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EYES WIDE SHUT

Amazon ignored an international ban on dangerous factories in Bangladesh

Amazon packages are seen at an Amazon fulfilment center
Reuters/Pascal Rossignol
It can be hard to know where your Amazon purchases come from.
Marc Bain
By Marc Bain

Fashion reporter

Amazon is selling clothes made in Bangladeshi factories that leading fashion companies have shunned as unsafe for workers, a Wall Street Journal investigation has found.

The Journal was able to use shipping records, reports from safety-monitoring groups, interviews, and information on Amazon.com to connect garments for sale on Amazon to the factories that made them. It said it found clothes being sold on Amazon shipped from 51 factories other brands had blacklisted. None of the products were from the clothing brands Amazon owns itself. But 16 of the factories shipped items Amazon was selling directly, while the other 35 shipped items listed by third-party sellers on Amazon’s vast marketplace.

The findings reveal how platforms such as Amazon may contribute to the dangerous conditions garment workers face in Bangladesh by letting companies continue to profit from unsafe factories. The Journal also identified some products from banned factories for sale on other sites, including Walmart and Target. But Amazon had the most. It has since removed the listings.

The list of banned factories the Journal referred to came from two industry coalitions formed in the wake of the 2013 Rana Plaza factory collapse, which killed 1,134 people and drew international attention. The global fashion companies—including Gap, H&M, Benetton, and many others—making their clothes on the cheap in Bangladesh came under pressure to take at least some responsibility for conditions they enabled, if not contributed to directly.

The two separate coalitions of clothing retailers and manufacturers—one made up of mostly European companies known as the Accord, and another of predominately American businesses known as the Alliance—were dedicated to improving factory conditions in Bangladesh. Amazon never joined either, even though it began making its own clothing in Bangladesh in 2018 (and it has been selling goods from that country for even longer). But both coalitions were founded with five-year timelines, and the Alliance ceased operations on Dec. 31, 2018, while the Accord is currently handing off its work to a local Bangladeshi monitoring group.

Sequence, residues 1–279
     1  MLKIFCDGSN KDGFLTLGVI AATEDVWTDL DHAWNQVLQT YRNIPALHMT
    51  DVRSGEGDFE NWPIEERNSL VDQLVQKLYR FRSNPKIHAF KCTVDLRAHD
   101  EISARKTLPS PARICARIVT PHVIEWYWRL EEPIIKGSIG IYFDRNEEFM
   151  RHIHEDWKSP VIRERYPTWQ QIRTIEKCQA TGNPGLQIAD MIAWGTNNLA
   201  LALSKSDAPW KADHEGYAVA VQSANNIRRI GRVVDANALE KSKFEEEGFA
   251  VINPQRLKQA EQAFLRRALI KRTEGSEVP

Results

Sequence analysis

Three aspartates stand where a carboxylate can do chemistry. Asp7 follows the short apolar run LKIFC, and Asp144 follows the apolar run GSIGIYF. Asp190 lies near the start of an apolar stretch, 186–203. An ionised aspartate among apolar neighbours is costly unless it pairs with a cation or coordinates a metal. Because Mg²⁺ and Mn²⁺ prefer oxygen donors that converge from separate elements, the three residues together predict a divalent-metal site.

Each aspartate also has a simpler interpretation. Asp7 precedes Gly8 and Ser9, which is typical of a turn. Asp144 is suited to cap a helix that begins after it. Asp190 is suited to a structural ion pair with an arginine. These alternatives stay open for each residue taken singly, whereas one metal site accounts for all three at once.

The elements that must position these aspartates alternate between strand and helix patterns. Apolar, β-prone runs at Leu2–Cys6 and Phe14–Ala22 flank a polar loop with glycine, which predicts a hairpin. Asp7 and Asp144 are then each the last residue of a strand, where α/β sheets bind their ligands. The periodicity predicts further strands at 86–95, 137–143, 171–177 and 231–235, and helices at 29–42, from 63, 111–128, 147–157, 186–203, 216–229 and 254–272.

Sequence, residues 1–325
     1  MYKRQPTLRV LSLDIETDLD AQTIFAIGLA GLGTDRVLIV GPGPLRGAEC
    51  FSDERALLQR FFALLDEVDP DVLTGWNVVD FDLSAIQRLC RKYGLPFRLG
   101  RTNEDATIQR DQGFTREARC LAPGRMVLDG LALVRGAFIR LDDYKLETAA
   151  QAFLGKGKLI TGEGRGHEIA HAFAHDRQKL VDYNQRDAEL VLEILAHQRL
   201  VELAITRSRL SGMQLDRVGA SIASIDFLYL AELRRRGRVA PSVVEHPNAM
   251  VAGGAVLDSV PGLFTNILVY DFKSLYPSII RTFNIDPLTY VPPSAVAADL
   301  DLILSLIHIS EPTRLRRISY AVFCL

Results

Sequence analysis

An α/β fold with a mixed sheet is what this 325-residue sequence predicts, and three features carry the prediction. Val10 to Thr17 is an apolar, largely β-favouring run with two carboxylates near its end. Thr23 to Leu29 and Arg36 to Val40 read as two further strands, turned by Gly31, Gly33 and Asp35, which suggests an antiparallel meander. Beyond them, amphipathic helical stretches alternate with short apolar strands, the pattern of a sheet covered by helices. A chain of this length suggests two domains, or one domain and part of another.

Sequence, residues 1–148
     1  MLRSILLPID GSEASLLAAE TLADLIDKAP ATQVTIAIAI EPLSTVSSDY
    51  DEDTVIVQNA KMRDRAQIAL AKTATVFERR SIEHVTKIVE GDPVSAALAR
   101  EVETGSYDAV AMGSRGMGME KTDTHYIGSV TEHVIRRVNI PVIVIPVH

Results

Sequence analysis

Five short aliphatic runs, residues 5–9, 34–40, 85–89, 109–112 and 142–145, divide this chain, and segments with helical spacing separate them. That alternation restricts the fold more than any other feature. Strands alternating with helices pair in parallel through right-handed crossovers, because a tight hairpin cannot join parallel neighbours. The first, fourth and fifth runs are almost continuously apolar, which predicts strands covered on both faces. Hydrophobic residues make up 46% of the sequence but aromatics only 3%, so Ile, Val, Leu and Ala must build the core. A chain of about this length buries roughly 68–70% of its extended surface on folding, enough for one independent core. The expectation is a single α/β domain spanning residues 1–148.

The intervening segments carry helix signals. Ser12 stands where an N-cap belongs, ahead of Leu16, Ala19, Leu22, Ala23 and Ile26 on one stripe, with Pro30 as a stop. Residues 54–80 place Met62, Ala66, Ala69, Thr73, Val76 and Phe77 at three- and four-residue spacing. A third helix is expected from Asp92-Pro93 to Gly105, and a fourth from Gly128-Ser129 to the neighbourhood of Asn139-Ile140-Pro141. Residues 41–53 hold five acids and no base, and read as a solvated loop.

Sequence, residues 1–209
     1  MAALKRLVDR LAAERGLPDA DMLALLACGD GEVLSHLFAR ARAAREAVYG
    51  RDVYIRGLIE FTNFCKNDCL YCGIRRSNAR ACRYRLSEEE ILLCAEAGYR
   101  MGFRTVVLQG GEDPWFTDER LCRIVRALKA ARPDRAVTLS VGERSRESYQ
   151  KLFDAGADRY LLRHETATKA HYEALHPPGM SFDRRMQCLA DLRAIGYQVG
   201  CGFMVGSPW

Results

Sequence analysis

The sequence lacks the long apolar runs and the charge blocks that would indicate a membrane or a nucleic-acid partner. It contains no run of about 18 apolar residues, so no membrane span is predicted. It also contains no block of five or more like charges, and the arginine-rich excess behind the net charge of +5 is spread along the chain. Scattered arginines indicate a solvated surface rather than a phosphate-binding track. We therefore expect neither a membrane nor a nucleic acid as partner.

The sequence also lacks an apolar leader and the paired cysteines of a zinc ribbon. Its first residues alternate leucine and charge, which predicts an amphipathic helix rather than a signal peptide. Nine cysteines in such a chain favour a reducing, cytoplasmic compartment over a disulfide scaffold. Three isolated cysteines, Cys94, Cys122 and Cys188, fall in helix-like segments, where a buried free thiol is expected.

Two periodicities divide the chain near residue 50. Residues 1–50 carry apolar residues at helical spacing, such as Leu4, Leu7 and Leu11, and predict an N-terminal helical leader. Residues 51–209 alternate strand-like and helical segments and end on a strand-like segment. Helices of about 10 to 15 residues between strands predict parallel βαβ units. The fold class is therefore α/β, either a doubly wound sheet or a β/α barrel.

These coalitions could blacklist factories, meaning brands in the coalition would stop placing orders with them, if the factories were unwilling to make the safety upgrades needed. That leverage led to significantly improved safety in Bangladesh’s garment industry.

But other brands have continued to use these factories, and their clothes can be found on sites such as Amazon. The Journal linked pants on Amazon to a Chittagong factory called Klarion Designs Ltd. the Accord blacklisted in 2017. It said the group banned the factory after waiting two years for it to fix damaged walls and remove locking doors, which managers can use to lock employees in and that can become a major hazard in a fire or other emergency. The pants were sold by Amazon itself and by third-party sellers.

A children’s top also for sale on Amazon was traced to Riverside Apparels, a factory that also had locking doors, and no fire alarms, despite fires being a known hazard in Bangladesh’s garment industry. Among its other issues were structural columns too weak to hold up the building housing it.

Amazon inspects factories making clothes for its private brands, but not those supplying the wholesalers or third-party sellers who make up most of its listings. Still, it says it expects those brands to adhere to its standards. “Amazon is committed to sourcing our private brands from socially responsible suppliers and working with brand owners, vendors, and manufacturers that share this commitment” the company said in a statement. It added:

If we become aware that a product is from a factory that may not meet our supply chain standards, we will remove the product from our store until we have evidence that it is produced with the same high standards we apply in our own supply chain. Although we know production of some products identified by the Journal is being moved to safer factories, and many of these products are available from other retailers, we have taken the step of removing all products from these parties from our store until we have verification they are no longer being sourced from ineligible factories under the Accord.

US lawmakers, meanwhile, have demanded that Amazon more carefully monitor what’s for sale on its site.

Update: This story’s headline has been changed to reflect that Amazon has taken action to remove the products from its site.

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